Road traffic casualties: 6 fatalities in 3 months

Miguela Xuereb

Tista' taqra bil- Malti.

In three months there were six fatalities, Doctors for Road Safety pointed out in a statement quoting the latest figures made available by the National Statistics Office in August.

Ahead of the World Day of Remembrance for Road Traffic Victims’ endorsed by the UN General Assembly and the World Health Organisation, the Doctors for Road Safety, reminded the public that 85 individuals sustained grievous injuries while 308 individuals escaped with slight injuries in road traffic casualties. The majority of involved people in the 26 to 40 age-bracket.

On Saturday, a 19-year-old of Mosta became the latest victim after he was involved in a head-on collision while his passenger is currently fighting for his life.

The World Day of Remembrance for Road Traffic Victims’ takes place on the third Sunday in November and is the appropriate international reminder and acknowledgment of the unimaginable and preventable suffering of victims of road traffic crashes and their families.

Doctors for Road Safety explained that the term ‘crashes’ is used intentionally instead of ‘accidents’ because the latter term may imply that there is little, if any, that can be done to prevent the suffering of road traffic fatalities and injuries and that ‘accidents will always happen’.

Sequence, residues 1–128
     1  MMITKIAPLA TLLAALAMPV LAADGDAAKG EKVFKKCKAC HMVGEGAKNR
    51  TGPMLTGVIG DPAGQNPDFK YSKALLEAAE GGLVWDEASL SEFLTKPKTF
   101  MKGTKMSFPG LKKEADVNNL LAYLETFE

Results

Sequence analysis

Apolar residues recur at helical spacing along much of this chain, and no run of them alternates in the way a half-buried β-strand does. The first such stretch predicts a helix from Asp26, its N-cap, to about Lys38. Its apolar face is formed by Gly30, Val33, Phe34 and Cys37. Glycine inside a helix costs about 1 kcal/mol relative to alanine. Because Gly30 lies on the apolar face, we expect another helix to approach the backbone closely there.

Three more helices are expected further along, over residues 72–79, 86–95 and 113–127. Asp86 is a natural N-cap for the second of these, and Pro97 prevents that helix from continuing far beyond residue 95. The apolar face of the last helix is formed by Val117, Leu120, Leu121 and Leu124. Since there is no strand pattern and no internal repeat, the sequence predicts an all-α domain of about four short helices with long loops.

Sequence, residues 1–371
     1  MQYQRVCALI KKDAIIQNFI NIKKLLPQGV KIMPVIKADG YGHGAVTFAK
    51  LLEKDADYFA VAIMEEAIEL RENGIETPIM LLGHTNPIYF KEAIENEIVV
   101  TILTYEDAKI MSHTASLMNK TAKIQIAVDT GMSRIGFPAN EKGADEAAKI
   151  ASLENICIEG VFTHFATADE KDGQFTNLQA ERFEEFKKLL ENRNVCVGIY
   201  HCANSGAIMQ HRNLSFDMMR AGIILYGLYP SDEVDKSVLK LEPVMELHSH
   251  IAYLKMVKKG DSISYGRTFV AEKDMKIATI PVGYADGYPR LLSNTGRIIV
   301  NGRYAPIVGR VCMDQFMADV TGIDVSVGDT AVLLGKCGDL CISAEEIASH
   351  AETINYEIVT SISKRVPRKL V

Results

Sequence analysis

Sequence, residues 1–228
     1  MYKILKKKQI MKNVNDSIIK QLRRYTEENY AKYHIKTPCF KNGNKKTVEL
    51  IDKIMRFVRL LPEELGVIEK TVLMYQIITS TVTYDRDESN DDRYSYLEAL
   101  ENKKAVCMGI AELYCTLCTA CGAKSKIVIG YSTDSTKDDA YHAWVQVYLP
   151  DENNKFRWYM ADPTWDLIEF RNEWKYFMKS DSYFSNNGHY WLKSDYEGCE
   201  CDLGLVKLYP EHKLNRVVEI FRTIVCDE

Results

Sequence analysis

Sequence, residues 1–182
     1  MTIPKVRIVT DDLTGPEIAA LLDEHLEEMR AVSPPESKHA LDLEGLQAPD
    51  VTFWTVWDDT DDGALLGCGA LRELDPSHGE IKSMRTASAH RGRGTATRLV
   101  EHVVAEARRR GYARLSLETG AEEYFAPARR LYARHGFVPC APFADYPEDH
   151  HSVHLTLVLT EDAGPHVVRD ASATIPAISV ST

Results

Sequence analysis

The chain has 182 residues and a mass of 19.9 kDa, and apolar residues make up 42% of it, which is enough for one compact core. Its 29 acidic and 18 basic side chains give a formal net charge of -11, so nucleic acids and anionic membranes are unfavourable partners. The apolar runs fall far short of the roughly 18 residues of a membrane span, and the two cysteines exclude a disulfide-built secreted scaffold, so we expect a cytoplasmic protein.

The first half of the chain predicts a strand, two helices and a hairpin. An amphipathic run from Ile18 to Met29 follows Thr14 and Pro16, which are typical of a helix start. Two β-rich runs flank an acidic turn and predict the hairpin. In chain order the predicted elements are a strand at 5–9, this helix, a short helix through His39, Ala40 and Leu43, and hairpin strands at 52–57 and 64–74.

“Nothing could be further from the truth. Each and every ‘accident’ has a definite and preventable cause or number of causes. And yes we can, and should, investigate and examine in detail each and every factor involved in road traffic crashes,” the doctors said.

Such a critical undertaking is the only shared response which enables and ‘drives’ those changes in public policies, infrastructure and vehicle manufacture which will reduce and eventually put an end to the road risks that all members of society expose themselves to, whether as drivers of vehicles, passengers, pedestrians or cyclists.

The doctors said that the financial and economic consequences are estimated at about 2% of EU countries’ gross domestic product although such estimates do not take into account the cost of long-term disability and the many intangible costs to the patient and family.

The Doctors for Road Safety or D4RS are working as first responders and provide medical care, but also have a critical role as researchers, educators and advocates for public policies that are effective in reducing and eliminating road traffic casualties.

The doctors in their concluding remarks observed that their objectives can only be achieved by the active and efficient contribution of other institutions including the Police Force, the Judiciary, Transport Malta, various Ministries and other Government entities, NGOs and essentially all members of society who ultimately pay the unbearable price of human tragedy for inaction and laissez-faire.